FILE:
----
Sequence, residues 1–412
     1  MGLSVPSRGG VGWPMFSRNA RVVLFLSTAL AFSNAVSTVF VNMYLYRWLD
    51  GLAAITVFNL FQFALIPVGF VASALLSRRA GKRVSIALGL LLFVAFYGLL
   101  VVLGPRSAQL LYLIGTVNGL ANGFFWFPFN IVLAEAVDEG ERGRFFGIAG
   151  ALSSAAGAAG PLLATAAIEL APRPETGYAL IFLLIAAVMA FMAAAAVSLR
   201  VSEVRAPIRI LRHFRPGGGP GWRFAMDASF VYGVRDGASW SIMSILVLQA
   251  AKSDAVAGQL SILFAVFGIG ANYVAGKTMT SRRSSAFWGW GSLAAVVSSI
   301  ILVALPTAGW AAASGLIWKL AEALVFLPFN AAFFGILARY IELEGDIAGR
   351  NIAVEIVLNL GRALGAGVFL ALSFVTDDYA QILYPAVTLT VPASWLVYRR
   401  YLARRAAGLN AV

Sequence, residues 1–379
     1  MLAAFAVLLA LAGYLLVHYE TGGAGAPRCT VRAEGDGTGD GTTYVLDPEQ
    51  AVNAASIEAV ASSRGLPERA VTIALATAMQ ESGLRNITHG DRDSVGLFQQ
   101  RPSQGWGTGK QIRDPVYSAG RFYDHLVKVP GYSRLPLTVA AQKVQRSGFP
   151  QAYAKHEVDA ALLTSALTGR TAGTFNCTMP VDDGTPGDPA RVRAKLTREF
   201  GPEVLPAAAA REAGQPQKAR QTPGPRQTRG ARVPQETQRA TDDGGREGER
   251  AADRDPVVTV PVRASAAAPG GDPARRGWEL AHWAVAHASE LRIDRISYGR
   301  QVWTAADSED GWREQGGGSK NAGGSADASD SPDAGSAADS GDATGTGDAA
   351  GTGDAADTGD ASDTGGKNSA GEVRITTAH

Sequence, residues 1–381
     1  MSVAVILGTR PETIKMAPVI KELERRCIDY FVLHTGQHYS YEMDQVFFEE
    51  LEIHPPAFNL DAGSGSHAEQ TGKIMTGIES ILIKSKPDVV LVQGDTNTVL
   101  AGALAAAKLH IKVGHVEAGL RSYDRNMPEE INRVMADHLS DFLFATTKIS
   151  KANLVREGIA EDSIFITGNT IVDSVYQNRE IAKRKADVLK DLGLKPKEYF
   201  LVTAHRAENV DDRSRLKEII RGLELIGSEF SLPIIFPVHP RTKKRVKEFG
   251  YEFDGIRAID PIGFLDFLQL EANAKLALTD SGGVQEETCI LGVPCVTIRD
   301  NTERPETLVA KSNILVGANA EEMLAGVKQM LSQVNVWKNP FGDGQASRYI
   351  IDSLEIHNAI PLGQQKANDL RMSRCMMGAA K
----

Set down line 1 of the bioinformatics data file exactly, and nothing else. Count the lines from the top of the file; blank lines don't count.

Sequence, residues 1–412